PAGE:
Travellers to Canada may be visited in-person by a screening officer during the country’s newly mandated 14-day quarantine.
Officers could visit hotel-bound people entering Canada in quarantine to “verify compliance.”
According to a press release from the Government of Canada, travellers touching down in the country who violate the new rules could face $750,000 in fines and/or six months in prison.
- See also:
“The Government of Canada continues to take unprecedented action to protect the health and safety of Canadians by introducing measures to prevent further introduction and transmission of COVID-19 and new variants of the virus into Canada,” says the news release.
In addition to the government’s COVID-19 restrictions already in place, Canada’s airlines have agreed to suspend all flights to and from Mexico and Caribbean countries until April 30, 2021.
All air travellers arriving in Canada (with very limited exceptions) are mandated to reserve a room in a government-approved hotel for three nights at their own expense. People returning from flights are also required to take a COVID-19 molecular test upon arrival, also at their own cost.
To ensure travellers’ compliance with the new quarantine requirements, the Public Health Agency of Canada (PHAC) is working with security companies to help “complete compliance checks for travellers arriving in Canada.” Employees are being trained by the PHAC as “screening officers” who will visit quarantine locations to ensure guidelines are being followed.
The officers will confirm the traveller’s identity and ensure all travellers are in their required place of quarantine upon entry into Canada.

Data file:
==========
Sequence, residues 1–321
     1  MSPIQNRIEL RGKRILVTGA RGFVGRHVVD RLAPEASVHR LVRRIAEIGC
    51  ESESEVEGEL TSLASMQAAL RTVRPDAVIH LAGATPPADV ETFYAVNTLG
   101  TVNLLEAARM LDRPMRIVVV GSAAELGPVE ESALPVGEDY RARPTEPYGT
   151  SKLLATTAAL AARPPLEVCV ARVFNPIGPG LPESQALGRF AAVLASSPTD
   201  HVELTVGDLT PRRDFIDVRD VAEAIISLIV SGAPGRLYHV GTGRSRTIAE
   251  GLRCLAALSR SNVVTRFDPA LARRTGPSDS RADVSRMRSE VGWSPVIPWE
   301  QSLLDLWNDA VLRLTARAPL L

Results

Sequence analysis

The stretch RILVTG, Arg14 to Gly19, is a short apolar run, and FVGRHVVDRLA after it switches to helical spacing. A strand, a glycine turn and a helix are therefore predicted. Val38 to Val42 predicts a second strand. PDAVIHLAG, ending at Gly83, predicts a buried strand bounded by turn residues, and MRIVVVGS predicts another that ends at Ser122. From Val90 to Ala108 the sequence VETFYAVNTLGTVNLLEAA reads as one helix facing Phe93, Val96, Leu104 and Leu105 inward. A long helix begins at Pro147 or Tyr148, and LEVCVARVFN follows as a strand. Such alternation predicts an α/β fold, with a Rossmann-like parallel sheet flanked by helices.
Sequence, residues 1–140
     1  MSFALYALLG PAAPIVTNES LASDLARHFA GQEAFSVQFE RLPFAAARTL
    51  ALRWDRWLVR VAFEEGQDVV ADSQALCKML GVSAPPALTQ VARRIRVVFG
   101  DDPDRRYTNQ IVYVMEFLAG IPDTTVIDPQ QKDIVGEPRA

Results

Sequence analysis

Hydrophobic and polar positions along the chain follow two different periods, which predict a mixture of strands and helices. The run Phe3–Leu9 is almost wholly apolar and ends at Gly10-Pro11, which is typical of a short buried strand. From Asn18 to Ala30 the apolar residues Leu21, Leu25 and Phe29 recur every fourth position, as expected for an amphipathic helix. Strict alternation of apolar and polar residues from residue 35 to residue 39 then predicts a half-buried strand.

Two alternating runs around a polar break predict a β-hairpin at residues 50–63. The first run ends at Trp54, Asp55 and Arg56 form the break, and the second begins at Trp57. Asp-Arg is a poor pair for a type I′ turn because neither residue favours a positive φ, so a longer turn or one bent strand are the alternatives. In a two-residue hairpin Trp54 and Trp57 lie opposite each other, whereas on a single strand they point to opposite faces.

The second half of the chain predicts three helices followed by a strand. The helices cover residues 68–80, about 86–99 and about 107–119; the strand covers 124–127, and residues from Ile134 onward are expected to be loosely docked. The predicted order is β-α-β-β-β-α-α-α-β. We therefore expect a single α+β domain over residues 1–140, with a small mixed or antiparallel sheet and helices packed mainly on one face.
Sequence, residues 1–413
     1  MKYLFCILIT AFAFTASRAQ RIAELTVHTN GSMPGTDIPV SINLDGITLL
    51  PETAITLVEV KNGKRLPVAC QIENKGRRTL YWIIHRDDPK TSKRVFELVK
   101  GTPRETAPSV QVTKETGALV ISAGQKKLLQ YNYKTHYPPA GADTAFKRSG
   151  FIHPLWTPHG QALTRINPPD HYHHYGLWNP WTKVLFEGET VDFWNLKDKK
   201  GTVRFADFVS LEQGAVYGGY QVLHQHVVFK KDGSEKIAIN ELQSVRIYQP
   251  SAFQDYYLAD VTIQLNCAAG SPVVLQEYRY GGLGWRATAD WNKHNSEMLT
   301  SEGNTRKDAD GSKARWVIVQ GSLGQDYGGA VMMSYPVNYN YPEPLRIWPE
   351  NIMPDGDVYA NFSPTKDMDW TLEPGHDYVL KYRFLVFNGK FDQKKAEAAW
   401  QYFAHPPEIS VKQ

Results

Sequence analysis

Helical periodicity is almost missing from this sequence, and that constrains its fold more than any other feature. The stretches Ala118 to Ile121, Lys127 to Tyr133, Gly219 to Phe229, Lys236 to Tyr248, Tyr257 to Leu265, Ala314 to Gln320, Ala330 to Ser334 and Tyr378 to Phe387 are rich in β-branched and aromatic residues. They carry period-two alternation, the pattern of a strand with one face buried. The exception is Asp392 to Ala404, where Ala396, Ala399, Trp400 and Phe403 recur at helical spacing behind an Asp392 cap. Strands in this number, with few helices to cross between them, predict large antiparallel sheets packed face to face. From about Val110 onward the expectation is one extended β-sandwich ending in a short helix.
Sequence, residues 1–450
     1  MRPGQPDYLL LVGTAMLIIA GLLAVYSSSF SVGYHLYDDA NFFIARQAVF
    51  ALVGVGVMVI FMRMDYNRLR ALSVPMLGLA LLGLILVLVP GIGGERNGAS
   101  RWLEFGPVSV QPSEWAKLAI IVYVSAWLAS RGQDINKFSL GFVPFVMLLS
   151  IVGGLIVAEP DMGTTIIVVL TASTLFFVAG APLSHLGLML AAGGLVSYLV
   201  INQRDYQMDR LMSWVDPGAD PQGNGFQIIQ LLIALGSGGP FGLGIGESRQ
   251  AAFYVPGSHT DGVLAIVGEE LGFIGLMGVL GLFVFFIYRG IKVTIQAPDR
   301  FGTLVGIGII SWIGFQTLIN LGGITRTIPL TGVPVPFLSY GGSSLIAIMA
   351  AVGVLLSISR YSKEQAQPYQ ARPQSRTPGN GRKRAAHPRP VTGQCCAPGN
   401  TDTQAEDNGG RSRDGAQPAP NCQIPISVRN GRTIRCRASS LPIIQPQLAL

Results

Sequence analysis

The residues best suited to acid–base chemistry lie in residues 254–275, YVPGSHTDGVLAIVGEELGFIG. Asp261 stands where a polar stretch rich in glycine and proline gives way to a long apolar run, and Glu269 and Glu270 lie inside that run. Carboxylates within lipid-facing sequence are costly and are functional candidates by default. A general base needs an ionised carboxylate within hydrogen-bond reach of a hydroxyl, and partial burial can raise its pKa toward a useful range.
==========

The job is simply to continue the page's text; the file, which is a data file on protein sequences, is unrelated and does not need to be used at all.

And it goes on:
These new screening officers will conduct visits in 35 cities across the country, starting in Montreal and Toronto.
Travellers to Canada may be visited in-person by a Screening Officer during their 14-day quarantine to verify compliance. Violating quarantine may result in $750,000 in fines and/or 6 months in prison. Learn more:https://t.co/wk7RytCbmq pic.twitter.com/RGLiji0uTj
— Health Canada and PHAC (@GovCanHealth) January 30, 2021
“No one should be travelling right now. Each of us has a part in keeping our communities safe, and that means avoiding non-essential travel, which can put you, your loved ones, and your community at risk,” says Health Minister Patty Hajdu. “The new measures announced today will be an important tool for protecting our communities, and increasing our compliance and enforcement capacity will help us keep all Canadians safe from COVID-19.”
All travellers entering Canada have the “responsibility to make suitable arrangements for mandatory quarantine, which begins on the day they enter Canada,” says the government. They are also required to submit COVID-19-related information electronically daily.
Failure to provide accurate information is an offence under the Quarantine Act. Violating any quarantine or isolation instructions provided to travellers by a screening officer is also an offence, which could lead to “serious penalties,” including six months in prison and up to $750,000 in fines.
The PHAC currently contacts more than 6,500 travellers daily through phone calls. As of January 26, 2021, 99% of the 48,682 interventions by law enforcement have resulted in “compliance by travellers.”